Selected Criticism

"Orange Buds by Mail from Florida" (1888)
Baldwin, David B.
Print source:
J.R. LeMaster and Donald D. Kummings, eds., Walt Whitman: An Encyclopedia (New York: Garland Publishing, 1998), reproduced by permission.

First published in the New York Herald on 19 March 1888, and later placed in "Sands at Seventy," this seven-line lyric echoes the staunch patriotism found in many of Whitman's other poems: that is, the Old World may be fine but the New gives promise of something finer. It also illustrates his penchant for turning the slightest incident into verse.

Whitman contrasts Voltaire's bragging about the heights of French civilization—shown by its grand opera and by a French warship (Whitman quotes Voltaire's view before his poem)—with his own delight in receiving an orange plant from Florida. America's greatness, "[p]roof of the present time," is shown to him by the nation's ability to ship the plant a great distance by mail, intact. The buds sprouting three days earlier unfold "their sweetness" into his room. As an old man cooped up and paralytic in his Camden, New Jersey, home, Whitman's isolation and winter loneliness play a part in understanding his joy in receiving this gift.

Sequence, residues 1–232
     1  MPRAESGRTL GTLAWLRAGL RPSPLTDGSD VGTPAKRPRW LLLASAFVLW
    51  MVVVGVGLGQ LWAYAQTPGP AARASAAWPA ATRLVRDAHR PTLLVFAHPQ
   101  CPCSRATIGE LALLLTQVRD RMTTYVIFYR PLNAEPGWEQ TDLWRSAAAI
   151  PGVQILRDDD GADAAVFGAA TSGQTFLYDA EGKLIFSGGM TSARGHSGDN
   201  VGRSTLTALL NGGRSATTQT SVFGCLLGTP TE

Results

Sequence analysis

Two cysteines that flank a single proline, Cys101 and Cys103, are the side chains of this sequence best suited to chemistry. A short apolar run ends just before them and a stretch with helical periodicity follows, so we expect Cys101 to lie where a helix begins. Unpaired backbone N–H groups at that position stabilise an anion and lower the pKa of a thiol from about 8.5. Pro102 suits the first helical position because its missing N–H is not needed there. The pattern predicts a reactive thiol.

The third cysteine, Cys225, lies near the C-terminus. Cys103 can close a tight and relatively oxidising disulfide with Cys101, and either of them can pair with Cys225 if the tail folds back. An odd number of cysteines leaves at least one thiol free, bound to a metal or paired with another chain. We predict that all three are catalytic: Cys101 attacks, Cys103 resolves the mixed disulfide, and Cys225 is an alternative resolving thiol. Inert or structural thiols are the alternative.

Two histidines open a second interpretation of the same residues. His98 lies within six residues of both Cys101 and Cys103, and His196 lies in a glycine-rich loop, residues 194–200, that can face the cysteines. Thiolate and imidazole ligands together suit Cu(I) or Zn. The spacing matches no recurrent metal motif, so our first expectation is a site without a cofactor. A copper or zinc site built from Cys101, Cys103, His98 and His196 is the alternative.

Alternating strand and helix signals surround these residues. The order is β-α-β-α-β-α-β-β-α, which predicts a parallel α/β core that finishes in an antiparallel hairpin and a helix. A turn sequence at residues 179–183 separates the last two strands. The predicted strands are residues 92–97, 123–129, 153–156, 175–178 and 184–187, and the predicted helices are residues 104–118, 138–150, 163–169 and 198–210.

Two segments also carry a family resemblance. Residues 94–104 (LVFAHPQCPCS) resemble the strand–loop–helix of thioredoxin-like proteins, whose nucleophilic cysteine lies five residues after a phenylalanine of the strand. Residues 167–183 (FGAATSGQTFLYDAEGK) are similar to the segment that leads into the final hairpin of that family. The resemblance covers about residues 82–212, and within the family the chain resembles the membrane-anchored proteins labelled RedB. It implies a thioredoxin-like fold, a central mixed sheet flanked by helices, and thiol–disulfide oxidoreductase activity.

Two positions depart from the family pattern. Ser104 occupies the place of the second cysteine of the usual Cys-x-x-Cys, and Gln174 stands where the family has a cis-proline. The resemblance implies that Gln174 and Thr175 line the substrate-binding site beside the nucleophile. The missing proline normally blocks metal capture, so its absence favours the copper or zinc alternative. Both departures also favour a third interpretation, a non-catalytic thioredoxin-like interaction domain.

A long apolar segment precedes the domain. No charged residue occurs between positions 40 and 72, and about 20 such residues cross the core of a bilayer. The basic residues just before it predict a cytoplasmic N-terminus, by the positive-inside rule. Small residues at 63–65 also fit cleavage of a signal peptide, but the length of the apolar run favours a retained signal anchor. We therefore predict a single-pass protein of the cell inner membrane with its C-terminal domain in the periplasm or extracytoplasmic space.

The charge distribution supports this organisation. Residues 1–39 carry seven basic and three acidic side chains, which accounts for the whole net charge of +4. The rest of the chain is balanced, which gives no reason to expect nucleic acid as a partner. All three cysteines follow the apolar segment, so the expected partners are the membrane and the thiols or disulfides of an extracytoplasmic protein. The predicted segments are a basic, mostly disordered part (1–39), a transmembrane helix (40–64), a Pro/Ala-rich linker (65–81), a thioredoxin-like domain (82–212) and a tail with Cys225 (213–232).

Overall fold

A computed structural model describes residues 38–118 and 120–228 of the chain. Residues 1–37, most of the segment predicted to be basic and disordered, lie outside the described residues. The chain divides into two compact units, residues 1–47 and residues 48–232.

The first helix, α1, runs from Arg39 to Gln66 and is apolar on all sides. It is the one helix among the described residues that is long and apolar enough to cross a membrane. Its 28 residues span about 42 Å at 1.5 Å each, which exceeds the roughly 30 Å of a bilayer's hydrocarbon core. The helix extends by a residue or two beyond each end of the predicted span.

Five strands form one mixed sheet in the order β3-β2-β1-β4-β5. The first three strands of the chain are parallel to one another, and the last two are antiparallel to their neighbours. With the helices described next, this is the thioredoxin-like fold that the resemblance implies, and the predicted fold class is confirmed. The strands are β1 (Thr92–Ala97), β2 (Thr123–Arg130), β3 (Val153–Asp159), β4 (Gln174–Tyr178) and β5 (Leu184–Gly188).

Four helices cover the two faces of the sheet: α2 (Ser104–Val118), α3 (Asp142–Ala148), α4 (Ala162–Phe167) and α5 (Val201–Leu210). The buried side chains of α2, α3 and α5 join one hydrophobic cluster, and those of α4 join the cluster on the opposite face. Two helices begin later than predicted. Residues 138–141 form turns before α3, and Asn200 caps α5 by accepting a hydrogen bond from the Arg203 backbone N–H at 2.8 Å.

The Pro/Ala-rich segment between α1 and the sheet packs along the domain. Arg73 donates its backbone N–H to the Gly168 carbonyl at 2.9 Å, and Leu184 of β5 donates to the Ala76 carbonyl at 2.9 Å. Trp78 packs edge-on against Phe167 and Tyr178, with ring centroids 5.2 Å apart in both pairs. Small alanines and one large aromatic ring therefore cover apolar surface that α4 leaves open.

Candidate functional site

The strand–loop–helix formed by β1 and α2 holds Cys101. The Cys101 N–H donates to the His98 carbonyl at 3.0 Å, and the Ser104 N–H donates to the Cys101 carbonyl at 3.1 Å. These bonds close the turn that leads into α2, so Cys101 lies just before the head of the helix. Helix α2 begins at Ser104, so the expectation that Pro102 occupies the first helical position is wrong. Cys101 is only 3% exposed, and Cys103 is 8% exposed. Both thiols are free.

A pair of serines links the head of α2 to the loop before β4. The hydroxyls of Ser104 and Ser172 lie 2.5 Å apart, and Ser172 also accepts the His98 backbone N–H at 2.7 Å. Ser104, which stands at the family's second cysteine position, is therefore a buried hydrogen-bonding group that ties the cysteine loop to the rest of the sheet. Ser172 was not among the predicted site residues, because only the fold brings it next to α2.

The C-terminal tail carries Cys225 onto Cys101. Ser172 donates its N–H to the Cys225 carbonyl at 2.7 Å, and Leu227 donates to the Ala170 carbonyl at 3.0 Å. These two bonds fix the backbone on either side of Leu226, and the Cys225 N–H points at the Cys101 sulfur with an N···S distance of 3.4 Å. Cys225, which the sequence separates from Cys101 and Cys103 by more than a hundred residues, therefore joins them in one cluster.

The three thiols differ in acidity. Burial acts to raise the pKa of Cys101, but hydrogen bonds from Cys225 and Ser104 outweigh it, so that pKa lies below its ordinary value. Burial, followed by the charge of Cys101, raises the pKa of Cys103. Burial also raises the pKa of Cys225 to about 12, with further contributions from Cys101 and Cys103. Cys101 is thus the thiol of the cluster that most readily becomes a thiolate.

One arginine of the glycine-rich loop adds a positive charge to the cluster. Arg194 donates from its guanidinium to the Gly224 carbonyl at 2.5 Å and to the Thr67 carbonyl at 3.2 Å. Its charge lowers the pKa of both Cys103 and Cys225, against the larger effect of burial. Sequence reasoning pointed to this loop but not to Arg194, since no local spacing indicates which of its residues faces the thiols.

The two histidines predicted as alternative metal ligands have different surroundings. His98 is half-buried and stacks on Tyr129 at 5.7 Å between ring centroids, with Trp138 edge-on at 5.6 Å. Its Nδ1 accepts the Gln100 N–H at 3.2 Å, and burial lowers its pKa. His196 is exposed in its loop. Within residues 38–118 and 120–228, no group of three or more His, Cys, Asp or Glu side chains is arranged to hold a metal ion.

The lyric itself may seem somewhat forced because the occasion appears trivial when put beside Voltaire's brag. Also, the periodic device he uses, saving the phrase "bunch of orange buds" till the final line, appears anticlimactic. Whitman may have been aware of the danger of this ending being thought absurd, but he would not have minded. Without being jingoistic, he was always secure in his preference for America.


Thomas, M. Wynn. "A Study of Whitman's Late Poetry." Walt Whitman Review 27 (1981): 3–14.

Whitman, Walt. Leaves of Grass: Comprehensive Readers Edition. Ed. Harold W. Blodgett and Sculley Bradley. New York: New York UP, 1965.


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